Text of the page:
The New York Times Book Review published a review last week of Lee Siegel’s Against the Machine: Being Human in the Age of the Electronic Mob.
The reviewer, John Lanchester, distinguishes two types of critics of the internet, those who think it’s trivial and those who think it is transforming culture in a negative way. Siegel is in the latter category. As the Lanchester writes,
Siegel makes the strong point that ‚Äúwhat the Internet hypes as ‚Äòconnectivity‚Äô is, in fact, its exact opposite.‚Äù People sitting on their own in front of computer screens ‚Äî this once would have been called disconnectedness or atomization. Siegel is blistering on the ‚Äúsurreal world of Web 2.0, where the rhetoric of democracy, freedom and access is often a fig leaf for antidemocratic and coercive rhetoric; where commercial ambitions dress up in the sheep‚Äôs clothing of humanistic values; and where, ironically, technology has turned back the clock from disinterested enjoyment of high and popular art to a primitive culture of crude, grasping self-interest.‚Äù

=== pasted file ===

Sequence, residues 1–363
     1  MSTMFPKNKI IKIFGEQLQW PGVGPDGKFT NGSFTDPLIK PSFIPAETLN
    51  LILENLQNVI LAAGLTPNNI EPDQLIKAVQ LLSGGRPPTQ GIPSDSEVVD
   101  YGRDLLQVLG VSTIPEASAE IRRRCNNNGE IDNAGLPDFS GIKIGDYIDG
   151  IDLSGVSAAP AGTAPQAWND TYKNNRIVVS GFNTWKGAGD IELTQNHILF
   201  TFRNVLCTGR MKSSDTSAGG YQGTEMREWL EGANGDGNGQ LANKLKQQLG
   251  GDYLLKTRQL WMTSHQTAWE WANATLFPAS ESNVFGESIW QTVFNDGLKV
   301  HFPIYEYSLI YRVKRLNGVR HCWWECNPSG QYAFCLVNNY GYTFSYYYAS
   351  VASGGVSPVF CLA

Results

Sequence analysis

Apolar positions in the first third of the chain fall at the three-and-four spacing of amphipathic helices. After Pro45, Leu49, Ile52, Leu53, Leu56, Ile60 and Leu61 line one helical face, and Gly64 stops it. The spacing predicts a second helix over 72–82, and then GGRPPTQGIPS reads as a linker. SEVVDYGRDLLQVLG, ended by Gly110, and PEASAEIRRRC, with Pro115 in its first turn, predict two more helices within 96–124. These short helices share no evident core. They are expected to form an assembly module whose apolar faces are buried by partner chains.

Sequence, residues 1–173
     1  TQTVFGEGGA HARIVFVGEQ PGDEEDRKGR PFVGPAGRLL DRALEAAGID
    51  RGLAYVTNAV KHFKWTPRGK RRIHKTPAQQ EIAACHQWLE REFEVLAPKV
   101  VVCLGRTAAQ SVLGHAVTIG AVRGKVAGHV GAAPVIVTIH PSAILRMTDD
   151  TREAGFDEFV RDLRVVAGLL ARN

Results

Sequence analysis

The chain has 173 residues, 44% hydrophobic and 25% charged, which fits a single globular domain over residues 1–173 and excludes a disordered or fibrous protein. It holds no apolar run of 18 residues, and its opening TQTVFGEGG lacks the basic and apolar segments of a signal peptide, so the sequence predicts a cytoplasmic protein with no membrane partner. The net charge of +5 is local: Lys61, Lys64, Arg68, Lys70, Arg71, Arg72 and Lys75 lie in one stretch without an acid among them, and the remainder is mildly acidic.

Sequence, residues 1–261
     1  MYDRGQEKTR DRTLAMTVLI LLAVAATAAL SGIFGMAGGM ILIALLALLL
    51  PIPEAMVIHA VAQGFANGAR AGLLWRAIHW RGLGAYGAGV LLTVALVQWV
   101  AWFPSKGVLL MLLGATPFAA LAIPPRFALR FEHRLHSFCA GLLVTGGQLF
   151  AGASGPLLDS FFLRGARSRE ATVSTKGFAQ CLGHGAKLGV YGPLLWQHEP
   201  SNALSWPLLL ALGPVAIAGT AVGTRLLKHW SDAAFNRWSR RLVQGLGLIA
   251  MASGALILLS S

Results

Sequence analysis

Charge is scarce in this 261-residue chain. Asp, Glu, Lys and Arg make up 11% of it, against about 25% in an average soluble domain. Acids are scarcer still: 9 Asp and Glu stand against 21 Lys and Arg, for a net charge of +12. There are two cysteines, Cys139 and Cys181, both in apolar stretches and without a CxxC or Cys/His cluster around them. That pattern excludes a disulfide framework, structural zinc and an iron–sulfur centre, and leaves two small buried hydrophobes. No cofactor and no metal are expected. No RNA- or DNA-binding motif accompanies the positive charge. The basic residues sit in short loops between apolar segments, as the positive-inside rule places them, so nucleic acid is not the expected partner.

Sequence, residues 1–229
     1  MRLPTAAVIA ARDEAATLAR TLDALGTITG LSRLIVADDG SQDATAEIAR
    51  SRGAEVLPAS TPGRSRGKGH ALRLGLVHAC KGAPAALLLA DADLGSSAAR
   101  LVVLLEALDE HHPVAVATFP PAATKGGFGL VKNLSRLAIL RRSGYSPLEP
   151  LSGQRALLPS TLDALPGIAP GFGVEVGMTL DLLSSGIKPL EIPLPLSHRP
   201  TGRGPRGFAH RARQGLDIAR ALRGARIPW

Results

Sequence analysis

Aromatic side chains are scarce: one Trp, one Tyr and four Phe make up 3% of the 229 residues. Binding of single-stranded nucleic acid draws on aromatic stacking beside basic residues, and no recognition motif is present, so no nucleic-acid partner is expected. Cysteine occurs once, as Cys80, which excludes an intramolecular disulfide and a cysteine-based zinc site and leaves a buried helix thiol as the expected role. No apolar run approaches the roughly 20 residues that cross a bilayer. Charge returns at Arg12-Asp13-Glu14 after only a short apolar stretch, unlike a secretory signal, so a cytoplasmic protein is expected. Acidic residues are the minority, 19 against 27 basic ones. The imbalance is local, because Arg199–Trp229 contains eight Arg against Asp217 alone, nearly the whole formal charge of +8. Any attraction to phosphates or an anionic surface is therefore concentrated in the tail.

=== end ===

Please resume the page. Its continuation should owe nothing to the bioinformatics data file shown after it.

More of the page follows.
Another reviewer for the Times, Janet Maslin, reviewed this book last month. Actually, if you’re only going to read one of the reviews, I’d recommend this one. Here’s a bit from it:
He is quick to insist that most of those opportunities [for creativity and interactivity on the web] boil down to business matters, and that ‚Äúthe Internet‚Äôs vision of ‚Äòconsumers‚Äô as ‚Äòproducers‚Äô has turned inner life into an advanced type of commodity.‚Äù At the risk of harping heavily on this central point, Mr. Siegel provides example after example of how surreptitiously this process of co-option works.
He shows, for instance, how the fan of a television show can be led to a Web site where the show can be approached in a supposedly interactive fashion. ‚Äú ‚ÄòWhich character are you most like?‚Äô ‚Äù he asks, citing a question posed about ‚ÄúGrey‚Äôs Anatomy.‚Äù And parenthetically: ‚Äú(You‚Äôll also have to read an ad for a vaccine against genital warts. Ask your doctor if it‚Äôs right for you.)‚Äù
The price of such diversions is, in Mr. Siegel‚Äôs succinct appraisal, devastating. It turns our passive, private, spontaneous appreciation of popular culture into something active, public and market-driven. It leads us to confuse self-expression (which is, of course, all about us) with art (which more generously ‚Äúspeaks to us even though it doesn‚Äôt know we‚Äôre there‚Äù). It has created what Mr. Siegel calls the first true mass culture, though he cites critics who in 1957 worried about how culture could be degraded by the masses. Culture for the masses, he says, was a worry of the past. Culture by the masses is what is being born in the present and will shape the future.